Assuming that news media reflect social discourse would be a dangerous thing to do, admittedly; but the view that in this case it might it is given some shrift by these comments, as well as by global surveys indicating more concern in developing countries than, say, the US.

But it’s not just the developing world that leaves sceptic voices aside.

Even in France – home to an active climate-sceptical lobby linked to former minister Claude Allegre – voices opposing climate action or questioning climate science were largely absent from coverage.

Trying to understand why there should be this difference between the English-speaking samples in the report and everyone else is not simple.

The notion RISJ suggests is political lobbying. The US, it argues, has a culture of lobbying that is deeper, richer and more ingrained than anywhere else; and the lobbying industry encompasses journalists and newspaper proprietors.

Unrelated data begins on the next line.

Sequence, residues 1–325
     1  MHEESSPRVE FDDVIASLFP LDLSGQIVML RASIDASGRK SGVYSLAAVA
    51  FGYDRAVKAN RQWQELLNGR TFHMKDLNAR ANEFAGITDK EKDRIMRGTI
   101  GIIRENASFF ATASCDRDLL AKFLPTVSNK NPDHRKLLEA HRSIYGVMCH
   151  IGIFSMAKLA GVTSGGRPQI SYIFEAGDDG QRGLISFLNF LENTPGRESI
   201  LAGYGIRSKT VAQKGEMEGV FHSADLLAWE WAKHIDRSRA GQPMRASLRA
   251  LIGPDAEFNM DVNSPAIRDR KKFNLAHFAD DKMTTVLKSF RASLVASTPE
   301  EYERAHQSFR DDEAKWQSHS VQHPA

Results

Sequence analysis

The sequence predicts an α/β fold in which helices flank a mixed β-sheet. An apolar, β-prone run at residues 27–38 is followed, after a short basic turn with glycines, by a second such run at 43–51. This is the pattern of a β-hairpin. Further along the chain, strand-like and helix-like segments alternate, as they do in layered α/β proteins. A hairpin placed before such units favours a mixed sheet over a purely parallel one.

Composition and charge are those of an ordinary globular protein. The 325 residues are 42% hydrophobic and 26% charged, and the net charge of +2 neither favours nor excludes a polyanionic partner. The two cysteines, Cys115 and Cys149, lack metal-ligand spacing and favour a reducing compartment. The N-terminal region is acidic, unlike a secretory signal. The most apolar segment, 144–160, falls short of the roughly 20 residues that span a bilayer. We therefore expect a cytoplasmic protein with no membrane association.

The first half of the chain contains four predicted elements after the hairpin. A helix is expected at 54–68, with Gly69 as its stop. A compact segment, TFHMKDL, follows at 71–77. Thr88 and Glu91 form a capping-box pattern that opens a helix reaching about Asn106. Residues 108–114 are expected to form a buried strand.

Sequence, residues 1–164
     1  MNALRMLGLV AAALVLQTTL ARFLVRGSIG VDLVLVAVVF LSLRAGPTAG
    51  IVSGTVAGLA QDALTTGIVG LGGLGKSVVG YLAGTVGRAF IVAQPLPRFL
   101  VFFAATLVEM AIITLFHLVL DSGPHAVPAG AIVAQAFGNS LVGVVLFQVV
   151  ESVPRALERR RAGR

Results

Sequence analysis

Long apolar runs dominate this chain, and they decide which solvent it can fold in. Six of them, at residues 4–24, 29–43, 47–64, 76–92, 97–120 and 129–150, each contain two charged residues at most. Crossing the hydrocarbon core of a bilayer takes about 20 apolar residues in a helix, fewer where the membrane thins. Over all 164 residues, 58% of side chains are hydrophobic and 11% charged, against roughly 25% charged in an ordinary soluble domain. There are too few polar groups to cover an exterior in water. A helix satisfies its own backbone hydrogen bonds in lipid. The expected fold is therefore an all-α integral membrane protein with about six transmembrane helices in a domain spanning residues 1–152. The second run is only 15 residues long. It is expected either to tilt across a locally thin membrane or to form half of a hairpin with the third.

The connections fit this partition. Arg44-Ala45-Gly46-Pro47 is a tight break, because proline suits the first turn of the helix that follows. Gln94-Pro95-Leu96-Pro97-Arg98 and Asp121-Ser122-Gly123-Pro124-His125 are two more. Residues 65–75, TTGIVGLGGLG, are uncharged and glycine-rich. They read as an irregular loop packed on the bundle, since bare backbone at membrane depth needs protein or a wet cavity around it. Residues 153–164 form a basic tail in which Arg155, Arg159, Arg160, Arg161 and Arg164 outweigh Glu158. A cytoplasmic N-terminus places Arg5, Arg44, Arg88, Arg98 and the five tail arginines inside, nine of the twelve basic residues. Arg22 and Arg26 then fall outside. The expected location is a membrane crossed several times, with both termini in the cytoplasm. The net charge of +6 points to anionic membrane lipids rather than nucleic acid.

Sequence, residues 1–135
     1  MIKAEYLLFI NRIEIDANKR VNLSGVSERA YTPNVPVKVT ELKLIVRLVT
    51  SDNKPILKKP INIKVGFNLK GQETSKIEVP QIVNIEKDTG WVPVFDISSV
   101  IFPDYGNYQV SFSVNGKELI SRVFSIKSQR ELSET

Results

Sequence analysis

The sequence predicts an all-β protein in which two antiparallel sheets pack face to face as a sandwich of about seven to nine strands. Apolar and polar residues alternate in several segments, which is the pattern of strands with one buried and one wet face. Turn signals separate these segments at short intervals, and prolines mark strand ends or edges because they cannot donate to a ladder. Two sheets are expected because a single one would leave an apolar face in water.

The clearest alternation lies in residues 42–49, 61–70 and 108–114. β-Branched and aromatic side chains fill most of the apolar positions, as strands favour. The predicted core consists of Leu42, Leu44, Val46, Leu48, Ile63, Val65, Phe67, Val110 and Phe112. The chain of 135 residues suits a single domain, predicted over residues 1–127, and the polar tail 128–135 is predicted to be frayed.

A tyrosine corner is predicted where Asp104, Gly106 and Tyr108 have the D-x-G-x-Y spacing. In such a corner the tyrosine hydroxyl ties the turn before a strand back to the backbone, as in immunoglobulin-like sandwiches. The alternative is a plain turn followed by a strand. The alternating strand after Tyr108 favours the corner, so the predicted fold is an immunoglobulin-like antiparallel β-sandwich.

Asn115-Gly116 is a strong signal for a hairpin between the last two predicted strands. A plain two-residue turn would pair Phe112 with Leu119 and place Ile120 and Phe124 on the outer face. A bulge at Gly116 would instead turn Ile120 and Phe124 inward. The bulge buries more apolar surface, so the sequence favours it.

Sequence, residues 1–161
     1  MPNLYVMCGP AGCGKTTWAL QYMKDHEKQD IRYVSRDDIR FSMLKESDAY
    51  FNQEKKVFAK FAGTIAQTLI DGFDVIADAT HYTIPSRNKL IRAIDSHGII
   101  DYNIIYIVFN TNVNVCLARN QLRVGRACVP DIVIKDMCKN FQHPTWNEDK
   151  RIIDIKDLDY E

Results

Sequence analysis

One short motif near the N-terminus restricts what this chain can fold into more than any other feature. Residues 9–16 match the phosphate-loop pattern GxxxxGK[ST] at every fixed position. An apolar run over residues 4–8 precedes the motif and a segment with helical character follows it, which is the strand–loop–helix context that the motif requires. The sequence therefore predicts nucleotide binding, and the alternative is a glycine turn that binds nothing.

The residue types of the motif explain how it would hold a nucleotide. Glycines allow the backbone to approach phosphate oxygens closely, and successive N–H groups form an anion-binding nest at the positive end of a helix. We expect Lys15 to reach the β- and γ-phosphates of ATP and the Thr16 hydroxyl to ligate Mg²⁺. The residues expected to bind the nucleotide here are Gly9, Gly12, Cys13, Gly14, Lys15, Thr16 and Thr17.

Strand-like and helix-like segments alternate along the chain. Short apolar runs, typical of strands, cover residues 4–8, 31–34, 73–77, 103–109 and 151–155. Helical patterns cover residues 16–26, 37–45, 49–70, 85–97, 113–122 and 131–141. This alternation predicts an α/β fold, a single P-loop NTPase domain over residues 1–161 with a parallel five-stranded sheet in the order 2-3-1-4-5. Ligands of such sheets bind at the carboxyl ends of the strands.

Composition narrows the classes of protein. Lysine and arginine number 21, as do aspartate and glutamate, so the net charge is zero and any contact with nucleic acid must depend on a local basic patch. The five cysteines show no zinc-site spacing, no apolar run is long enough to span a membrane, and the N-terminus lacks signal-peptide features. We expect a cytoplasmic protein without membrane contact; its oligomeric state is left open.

Has this spilled over into the nation sometimes dubbed the 51st State as well?

Clues come in an additional chapter in the report, which looks at 10 UK newspapers – virtually all the national dailies, in other words.

Among other things, it shows the success that the the Global Warming Policy Foundation (GWPF) has had in inserting itself into national discourse since its establishment in 2009 – a success noted this week by the conservativehome blog, which describes it as “one of the most important think-tanks in Britain today”.

“The two most quoted sceptics by far in the second period (2009/10) were (GWPF founder and director, respectively) Lord Lawson and Benny Peiser (more than 80 times between them)…” concludes the RISJ analysis.